I don’t know anything about coding. There’s zero chance I would be able to upload an entire film onto old video game cartridges. But I’m an expert in spite, the world’s most satisfying reason to do anything. So while I may not understand how someone made it possible to watch Tenet on a Game Boy Advance, I can fully appreciate why they went to the trouble to make it possible.
Bob Wulff, like many others, was frustrated by Christopher Nolan’s insistence on Tenet premiering in theaters in 2020. He wanted his thriller seen on the biggest screen possible, so Warner Bros. did everything it could to make that happen. The studio delayed the movie’s theatrical release multiple times, but usually by just two weeks. Even though it was clear to everyone we were very far away from being able to safely see any movie in theaters. The whole thing was at best shortsighted, and at worst a decision that could put people at a serious health risk for entertainment. So how do you get back at someone who wants you to risk your safety to see their film?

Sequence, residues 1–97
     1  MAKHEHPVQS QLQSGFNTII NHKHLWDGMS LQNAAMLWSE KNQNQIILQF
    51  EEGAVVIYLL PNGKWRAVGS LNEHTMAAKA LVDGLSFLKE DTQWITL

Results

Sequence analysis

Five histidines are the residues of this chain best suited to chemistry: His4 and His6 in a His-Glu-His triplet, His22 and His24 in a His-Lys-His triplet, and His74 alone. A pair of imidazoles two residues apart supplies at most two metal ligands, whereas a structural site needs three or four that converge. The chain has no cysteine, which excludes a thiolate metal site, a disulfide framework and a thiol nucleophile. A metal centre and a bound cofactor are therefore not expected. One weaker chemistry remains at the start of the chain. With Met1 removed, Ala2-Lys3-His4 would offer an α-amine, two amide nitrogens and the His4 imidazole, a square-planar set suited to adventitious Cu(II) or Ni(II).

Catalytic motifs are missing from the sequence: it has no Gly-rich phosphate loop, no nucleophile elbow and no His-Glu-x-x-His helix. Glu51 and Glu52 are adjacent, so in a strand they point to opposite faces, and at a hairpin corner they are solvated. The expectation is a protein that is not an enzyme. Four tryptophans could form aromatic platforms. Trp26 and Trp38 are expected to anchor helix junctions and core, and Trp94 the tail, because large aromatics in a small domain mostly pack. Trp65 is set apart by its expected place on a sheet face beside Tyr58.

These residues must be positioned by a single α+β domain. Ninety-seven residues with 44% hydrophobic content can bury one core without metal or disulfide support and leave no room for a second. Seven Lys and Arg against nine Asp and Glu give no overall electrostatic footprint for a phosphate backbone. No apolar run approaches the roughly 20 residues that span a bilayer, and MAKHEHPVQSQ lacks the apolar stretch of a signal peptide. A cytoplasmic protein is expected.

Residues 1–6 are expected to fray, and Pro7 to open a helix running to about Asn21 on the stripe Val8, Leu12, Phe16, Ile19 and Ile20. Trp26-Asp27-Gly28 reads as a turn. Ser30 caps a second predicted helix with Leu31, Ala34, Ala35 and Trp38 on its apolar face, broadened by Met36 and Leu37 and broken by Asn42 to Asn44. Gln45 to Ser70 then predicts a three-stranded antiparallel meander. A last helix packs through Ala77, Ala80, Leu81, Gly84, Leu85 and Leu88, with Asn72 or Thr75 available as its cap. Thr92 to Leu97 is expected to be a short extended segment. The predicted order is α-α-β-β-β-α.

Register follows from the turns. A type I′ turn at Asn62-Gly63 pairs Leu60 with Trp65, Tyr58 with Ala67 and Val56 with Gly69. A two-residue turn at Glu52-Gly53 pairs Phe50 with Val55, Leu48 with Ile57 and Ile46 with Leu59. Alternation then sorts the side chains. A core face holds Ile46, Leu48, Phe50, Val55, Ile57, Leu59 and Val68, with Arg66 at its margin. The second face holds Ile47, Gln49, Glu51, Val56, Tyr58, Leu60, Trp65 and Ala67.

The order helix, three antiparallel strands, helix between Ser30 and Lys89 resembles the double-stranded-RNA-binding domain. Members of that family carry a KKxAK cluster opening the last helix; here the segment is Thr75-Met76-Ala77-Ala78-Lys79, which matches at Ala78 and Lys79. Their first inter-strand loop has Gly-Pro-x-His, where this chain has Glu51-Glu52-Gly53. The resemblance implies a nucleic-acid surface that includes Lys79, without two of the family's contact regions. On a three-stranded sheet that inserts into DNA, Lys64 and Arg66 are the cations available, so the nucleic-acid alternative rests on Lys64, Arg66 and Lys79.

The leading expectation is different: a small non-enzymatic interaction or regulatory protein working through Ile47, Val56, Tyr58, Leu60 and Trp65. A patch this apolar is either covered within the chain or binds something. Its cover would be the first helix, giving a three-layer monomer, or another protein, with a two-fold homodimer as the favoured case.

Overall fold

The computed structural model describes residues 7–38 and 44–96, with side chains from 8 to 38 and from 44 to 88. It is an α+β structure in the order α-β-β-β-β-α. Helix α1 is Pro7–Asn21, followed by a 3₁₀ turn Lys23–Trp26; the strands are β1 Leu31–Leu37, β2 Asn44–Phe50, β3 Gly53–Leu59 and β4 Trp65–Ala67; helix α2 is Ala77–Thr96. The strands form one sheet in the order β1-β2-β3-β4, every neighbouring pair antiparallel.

You make it possible to watch it on the smallest screen you can find. Wulff did this by uploading the entirety of Tenet onto five Game Boy Advance cartridges. That meant paying for new equipment to transfer it, followed by a lot of coding. All to make a version that is so pixelated and so muddied you can barely make out what is happening.
If you want to learn how you too can ruin a film, Wulff’s video explains how he pulled this off. You can also find links to different tutorials in the video’s description.
But you don’t need to be a programmer to appreciate what he did and why. This really might be the single worst way to watch Tenet. And that makes it the best kind of lowkey revenge.
Featured Image: WULFF DEN